Christmas Traditions

As the holidays approach like a train moving full speed ahead, I find myself looking this special time for me a little differently. It will be the first time I will be so far from family for the holidays. For me the holidays have been all about family. I find I am homesick for all of it, including the events and games that usually make me roll my eyes.

 

My traditional Christmas starts with Christmas Eve. I think Christmas Eve is steeped with more stories and tradition than Christmas Day! As a kid I remember the last minute scramble for Christmas Day; baking pies, setting meat to brine, scrubbing the floor until it sparkled as bright as the tree and wrapping presents in colorful paper.

The day before Christmas always meant a lot of work. The kind that feels like it takes a months worth of elbow grease. But no matter how riled tempers got or how many things went wrong, things were always soothed as soon as one passed the kitchen. My mother often had fresh oranges, homemade apple juice and cheese on the counter. One could stand there, briefly rest, and smell as the odor of Christmas formed.

I think the best thing about the kitchen though was the pot on the stove. A family tradition that started with my Great-Grandmother was to eat spaghetti on Christmas Eve. Not a quick canned style, but the kind that simmers on the stove all day long. The kind where the most important ingredient is love. The love it takes to keep one eye on a single pot in the midst of absolute chaos. I will miss that.

Christmas Day often means visiting my grandparents for breakfast and then a package-passing, paper-slashing frenzy on the floor of their living room. It is a sight when every square inch is littered with shredded paper. It conjures up the image of several kittens shredding every scrap of paper in a paper mill. I know I will miss all of my family and my holiday traditions.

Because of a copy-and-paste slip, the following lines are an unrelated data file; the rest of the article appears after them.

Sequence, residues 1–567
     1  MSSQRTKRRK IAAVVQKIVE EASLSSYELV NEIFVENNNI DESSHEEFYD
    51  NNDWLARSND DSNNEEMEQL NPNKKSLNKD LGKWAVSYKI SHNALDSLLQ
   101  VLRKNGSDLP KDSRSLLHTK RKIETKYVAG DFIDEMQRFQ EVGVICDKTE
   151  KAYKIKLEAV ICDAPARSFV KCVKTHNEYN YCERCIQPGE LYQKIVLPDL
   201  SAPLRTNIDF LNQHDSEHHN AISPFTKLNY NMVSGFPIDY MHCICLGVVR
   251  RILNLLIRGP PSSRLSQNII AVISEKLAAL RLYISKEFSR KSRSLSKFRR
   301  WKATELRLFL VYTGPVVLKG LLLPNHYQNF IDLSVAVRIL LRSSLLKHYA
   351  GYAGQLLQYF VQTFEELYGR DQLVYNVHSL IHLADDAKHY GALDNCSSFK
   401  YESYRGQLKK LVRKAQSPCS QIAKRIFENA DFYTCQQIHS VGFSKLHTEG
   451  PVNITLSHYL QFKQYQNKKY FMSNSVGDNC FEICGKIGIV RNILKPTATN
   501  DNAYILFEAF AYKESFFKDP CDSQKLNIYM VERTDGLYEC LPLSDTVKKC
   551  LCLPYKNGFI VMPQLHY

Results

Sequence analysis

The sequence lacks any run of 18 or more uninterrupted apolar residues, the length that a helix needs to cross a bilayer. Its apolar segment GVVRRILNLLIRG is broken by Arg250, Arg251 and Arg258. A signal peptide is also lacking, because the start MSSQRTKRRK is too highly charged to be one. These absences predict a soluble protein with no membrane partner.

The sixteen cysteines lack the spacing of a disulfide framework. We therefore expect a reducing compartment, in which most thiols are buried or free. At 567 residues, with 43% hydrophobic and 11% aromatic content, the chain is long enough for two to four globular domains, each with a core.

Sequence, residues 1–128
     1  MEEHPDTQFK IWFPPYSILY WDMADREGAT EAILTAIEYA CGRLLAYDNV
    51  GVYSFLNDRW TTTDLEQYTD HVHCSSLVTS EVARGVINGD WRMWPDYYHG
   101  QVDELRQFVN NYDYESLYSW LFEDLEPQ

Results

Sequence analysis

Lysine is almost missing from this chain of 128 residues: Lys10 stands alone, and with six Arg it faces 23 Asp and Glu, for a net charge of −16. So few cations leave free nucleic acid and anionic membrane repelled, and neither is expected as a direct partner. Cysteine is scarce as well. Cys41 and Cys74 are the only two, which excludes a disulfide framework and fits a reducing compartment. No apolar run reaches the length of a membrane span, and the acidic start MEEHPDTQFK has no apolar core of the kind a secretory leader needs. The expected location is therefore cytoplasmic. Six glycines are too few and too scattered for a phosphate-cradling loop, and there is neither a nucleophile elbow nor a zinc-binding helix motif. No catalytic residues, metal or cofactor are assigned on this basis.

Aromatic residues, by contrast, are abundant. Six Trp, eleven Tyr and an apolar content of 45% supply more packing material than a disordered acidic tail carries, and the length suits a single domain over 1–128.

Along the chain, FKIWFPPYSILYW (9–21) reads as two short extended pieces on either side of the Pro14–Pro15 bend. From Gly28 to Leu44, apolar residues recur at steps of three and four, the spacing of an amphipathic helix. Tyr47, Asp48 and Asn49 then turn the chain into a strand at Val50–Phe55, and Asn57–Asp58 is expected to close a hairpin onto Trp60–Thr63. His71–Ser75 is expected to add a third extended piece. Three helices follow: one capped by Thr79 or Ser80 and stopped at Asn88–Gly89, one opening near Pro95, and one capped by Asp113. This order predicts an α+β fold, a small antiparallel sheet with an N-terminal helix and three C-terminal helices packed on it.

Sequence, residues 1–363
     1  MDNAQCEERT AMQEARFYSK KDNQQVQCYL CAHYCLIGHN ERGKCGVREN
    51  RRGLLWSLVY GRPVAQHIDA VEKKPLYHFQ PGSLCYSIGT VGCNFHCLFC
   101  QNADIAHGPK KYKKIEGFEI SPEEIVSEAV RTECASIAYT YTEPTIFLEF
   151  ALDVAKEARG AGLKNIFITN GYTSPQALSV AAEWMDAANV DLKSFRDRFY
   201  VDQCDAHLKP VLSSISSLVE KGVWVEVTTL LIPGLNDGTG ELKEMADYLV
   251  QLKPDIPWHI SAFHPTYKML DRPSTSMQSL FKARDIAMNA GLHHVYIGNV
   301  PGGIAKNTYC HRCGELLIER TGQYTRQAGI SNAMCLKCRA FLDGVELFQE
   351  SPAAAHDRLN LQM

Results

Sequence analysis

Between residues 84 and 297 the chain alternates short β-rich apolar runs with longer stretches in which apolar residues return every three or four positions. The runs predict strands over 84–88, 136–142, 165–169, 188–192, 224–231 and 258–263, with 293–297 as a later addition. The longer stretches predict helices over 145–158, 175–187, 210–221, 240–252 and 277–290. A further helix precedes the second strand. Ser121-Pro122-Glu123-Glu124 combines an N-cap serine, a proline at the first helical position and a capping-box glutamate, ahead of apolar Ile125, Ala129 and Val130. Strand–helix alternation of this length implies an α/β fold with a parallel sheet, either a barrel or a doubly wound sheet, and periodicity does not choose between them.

When life changes and old traditions are no longer possible, what new ones will/did you create? I won’t be able to bake pie, or fresh rolls, but I will be eating sweet potatoes with cinnamon for my Christmas. I don’t think I will even eat spaghetti on Christmas Eve nor have a Christmas tree but I am sure my place can expect to be cleaned, dusted, buffed and polished within an inch on its life! I guess some traditions, much like habits, die hard.

I wish everyone the best of holidays and take care! Rest well and be assured we will be back in the New Year rested and ready to rock and roll! Happy Holidays!

Taylor

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One thought on “Christmas Traditions”

  1. Christmas traditions. The memories of my childhood are warm and inviting but now they are fading. We are military gypsies traveling the world. Each Christmas is different from the last. But the one that will forever stay clued in my memory file is the Christmas of 2008. We were in Houston TX living in a hotel room across from MD Anderson waiting for a bone marrow transplant for my Military husband. He had gone to war and came home very sick. That year our son and daughter brought their children to stay for a few days. We bought a ready made tree decorations and all put it on the table, I cooked our meal in a microwave and on a hot plate, it was the best meal we had ever shared. Santa came that year on Christmas Eve and I have to tell you the kids were thrilled at what he brought them. Even if it was all mail order or from the hospital gift shops. That Christmas was the best ever even the little ones remember it well. Julius is well and back to work with Navy. We have so much to be grateful for. The baby Jesus was born and so Julius.

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